Detecting and Establishing the False
I don't read Arabic and am no authority on the Middle East, but when Michael Ledeen in the National Review, Marc Lynch, and two foreign correspondents for the Washington Post all doubt the authenticity of documents that the Iraqi government claims were found on the body of Abu Musab al-Zarqawi, I'm inclined to think that there's good reason to doubt their authenticity. There's no reason to think that such diverse sources of doubt conspired on their conclusion and each of them explain their reasoning.
At The Grail Code, Christopher Bailey writes:
Did you know that, in 374 a.d., the emperor Constantine suppressed the most important pagan festival of the year by simply striking those three days out of the calendar? To this day, February is three days shorter than the other months—all because Constantine was determined to impose Christianity on the Roman Empire at any cost. You didn't know that, did you?
Well, of course you didn't know that. I just made it up. Constantine wasn't even alive in 374. Not a word of it is true.
But, says Bailey, you can make it true by saying it twice, in two different books or articles.
That works no matter how easily disprovable the statement is in itself. I call it the Two-Statement Rule.
Let me explain how it works. First I make a ridiculously false statement, like the one about Constantine striking three days out of February. Then, under a different name, I make the same statement in another book, citing the first book as my source in a footnote.
Now I've made the statement true, because it's based on research. ("His research is impeccable," one reviewer said of Dan Brown's Da Vinci Code.) Other books can cite my second book, and still other books can cite the other books, and so on. Will any of them ever try to figure out where the original statement came from? Of course not. It's in a book, and the book has a footnote. What more do you need? Soon the popular media will report both sides of the" controversy" about Constantine and February, and the real historians who attempt to set the record straight will generally be dismissed as cranks, if not conspirators.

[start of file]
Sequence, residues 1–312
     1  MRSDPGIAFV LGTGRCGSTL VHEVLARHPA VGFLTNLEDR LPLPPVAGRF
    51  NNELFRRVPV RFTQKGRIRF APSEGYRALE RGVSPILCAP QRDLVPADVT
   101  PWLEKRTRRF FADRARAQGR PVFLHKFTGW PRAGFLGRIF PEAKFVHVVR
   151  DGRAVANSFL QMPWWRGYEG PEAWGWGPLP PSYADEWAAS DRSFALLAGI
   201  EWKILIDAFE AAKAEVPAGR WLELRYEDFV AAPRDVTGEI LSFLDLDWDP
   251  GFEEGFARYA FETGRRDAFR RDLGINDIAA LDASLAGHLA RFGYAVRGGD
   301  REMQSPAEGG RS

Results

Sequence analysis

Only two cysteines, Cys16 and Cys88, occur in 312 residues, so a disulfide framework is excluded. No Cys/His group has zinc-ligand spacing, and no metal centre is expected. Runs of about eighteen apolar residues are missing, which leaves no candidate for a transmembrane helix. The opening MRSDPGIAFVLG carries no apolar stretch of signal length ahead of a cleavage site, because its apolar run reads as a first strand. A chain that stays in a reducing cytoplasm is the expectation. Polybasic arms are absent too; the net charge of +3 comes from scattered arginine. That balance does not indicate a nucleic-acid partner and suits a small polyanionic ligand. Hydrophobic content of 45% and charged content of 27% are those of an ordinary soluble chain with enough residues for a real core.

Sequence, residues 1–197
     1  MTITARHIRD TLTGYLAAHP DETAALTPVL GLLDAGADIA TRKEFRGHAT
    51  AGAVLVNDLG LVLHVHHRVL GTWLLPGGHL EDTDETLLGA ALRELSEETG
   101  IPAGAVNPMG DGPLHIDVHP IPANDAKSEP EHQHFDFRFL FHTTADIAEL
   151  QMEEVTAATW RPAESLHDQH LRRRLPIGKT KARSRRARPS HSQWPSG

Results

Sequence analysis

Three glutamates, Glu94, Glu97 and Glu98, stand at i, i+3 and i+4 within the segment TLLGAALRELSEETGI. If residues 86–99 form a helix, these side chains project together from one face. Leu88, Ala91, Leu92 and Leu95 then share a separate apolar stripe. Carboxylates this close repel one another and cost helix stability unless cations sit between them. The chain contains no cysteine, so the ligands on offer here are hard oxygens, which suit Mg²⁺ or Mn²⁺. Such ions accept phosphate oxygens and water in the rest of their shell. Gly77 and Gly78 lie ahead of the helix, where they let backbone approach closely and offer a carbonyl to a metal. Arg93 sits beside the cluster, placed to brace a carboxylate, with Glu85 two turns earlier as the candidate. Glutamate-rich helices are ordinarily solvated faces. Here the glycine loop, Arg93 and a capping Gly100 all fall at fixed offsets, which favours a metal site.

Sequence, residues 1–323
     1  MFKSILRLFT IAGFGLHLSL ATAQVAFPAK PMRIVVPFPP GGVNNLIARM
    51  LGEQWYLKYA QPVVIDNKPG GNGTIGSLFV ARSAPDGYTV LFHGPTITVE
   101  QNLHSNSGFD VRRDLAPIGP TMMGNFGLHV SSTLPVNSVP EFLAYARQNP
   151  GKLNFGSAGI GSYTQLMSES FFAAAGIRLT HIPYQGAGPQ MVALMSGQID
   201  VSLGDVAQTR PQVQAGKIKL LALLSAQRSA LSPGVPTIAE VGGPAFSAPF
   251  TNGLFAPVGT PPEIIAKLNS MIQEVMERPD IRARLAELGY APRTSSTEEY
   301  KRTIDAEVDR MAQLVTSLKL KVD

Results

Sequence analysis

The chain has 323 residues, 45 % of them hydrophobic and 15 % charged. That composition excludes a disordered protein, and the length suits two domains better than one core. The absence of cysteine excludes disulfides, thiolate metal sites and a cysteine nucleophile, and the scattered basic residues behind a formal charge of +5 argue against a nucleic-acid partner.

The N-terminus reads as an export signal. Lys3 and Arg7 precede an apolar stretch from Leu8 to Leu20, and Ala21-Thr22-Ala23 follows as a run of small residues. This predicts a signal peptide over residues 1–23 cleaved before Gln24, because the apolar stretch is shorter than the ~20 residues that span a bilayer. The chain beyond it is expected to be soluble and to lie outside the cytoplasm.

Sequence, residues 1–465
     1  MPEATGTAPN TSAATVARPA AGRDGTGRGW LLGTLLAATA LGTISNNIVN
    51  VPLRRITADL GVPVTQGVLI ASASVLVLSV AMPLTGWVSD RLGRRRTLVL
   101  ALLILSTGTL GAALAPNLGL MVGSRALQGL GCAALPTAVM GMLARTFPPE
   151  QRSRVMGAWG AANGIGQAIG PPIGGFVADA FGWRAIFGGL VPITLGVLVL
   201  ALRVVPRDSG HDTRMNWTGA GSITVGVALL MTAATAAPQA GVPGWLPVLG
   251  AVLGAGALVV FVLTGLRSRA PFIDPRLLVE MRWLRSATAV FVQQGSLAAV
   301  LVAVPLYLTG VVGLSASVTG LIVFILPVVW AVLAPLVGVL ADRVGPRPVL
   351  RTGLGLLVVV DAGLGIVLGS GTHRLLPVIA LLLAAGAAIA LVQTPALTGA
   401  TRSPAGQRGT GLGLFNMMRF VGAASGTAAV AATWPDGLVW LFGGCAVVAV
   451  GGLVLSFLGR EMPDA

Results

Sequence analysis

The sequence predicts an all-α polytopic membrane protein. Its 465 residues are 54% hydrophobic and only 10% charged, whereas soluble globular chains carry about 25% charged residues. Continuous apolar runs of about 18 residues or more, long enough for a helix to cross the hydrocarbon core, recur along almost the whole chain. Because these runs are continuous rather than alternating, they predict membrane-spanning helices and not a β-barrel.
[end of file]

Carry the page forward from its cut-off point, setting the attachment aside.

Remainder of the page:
In The Da Vinci Code, Dan Brown introduces us to Sir Leigh Teabing, one of the world's foremost authorities on the Holy Grail. Where does his vast knowledge come from? Does he spend his days poring over ancient Welsh poems, or French and German romances? Hardly. Mr. Brown helpfully describes the most-used books in Sir Leigh's library, so we can see for ourselves what kind of research a Royal Historian does. All the books are conspiracy-theory books, most of them based on other conspiracy-theory books. You won't find Chretien de Troyes or Walter Map—or the Bible, for that matter—anywhere among them. Original sources only cloud the issue.
This is why Mike [Aquilina] and I both have such an obsession with reading the original sources and forming our own conclusions. When it's possible, we prefer to hear what the original writers had to say for themselves. The Two-Statement Rule is especially hard at work in the world of Arthur and the Holy Grail, where the original sources are meager compared to the huge libraries written about them.
Bailey's Two-Statement Rule works, at least for a time, not only in ancient history, where detecting false claims may be difficult because of a paucity of original sources, but it also works, at least for a time, in the much more recent past, where if anything the problem is of an abundance of primary sources. That's among the more serious charges against Ward Churchill: that he made and published claims in another person's name and subsequently, in his own name, cited that secondary source as evidence for the same claims, thus creating an illusion of scholarly consensus. Thanks, as always, to Ben Brumfield at Horizon for the tip.
Jonathan Dresner - 6/17/2006
Our lack of control over the Academy doesn't stop us from pronouncing on its mood, tone, content or quality.
Robert KC Johnson - 6/17/2006
And even beyond the timing issue, much of this assumes that al-Zarqawi could have possessed documentary material on the insurgency as a whole. This seems to inflate his leadership role within the anti-American forces, which seem more diffuse than centralized.
Ralph E. Luker - 6/17/2006
Fortunately for your biographer, your pay stubs are probably accurately dated. There's no indication in the discussions of whether there's a date on this document or, even, whether one would ordinarily expect to find one on such a document. If it is authentic, there's some internal evidence that ought to help place it, which is why Ledeen is dubious, but your question still stands. I'm going to call Marc's attention to the Ledeen piece and see what he makes of it.
Jonathan Dresner - 6/17/2006
I was wondering if some of the inconsistencies, especially those noted by Ledeen, might not be the result of the document being from an earlier time than the immediate present?
I don't know how long terrorist cells keep circulating memos, but if someone tried to find actionable intelligence in the ruins of my house, they'd have to contend with a huge pile of out-of-date and archived material. I've even been known to carry old documents (pay stubs, mostly) in a briefcase for months before cleaning it out entirely.
As Marc Bloch said, "The act of inventing a lie presupposes an effort which is distasteful to the mental inertia common to the majority of men. " The document might be authentic but outdated, but that wouldn't stop the Iraqi government from using it to whatever PR purpose it could.
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